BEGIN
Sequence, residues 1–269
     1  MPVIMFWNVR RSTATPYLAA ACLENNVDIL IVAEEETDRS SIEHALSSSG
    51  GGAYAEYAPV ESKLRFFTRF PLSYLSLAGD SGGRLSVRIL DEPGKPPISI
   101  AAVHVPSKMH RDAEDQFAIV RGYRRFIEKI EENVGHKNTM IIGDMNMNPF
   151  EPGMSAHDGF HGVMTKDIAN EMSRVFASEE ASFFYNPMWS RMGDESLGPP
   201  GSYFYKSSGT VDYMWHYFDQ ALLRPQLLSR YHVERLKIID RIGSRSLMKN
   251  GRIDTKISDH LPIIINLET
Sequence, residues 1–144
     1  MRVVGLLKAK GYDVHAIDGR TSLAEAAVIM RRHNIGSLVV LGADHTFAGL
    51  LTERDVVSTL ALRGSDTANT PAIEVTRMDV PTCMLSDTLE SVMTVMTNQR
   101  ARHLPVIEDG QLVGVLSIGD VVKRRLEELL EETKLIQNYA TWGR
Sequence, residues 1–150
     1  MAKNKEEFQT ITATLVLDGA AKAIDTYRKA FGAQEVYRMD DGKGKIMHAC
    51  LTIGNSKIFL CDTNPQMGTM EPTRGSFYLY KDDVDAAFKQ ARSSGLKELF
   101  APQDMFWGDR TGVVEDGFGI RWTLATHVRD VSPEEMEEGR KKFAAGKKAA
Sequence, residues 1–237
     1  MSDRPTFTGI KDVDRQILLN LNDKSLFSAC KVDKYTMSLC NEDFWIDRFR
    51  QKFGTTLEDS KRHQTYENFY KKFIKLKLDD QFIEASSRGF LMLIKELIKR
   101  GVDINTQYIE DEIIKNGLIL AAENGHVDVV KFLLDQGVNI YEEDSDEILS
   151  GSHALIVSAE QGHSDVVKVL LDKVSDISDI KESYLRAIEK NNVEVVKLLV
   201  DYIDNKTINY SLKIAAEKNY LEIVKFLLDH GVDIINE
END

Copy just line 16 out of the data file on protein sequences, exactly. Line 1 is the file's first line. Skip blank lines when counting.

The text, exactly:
Sequence, residues 1–237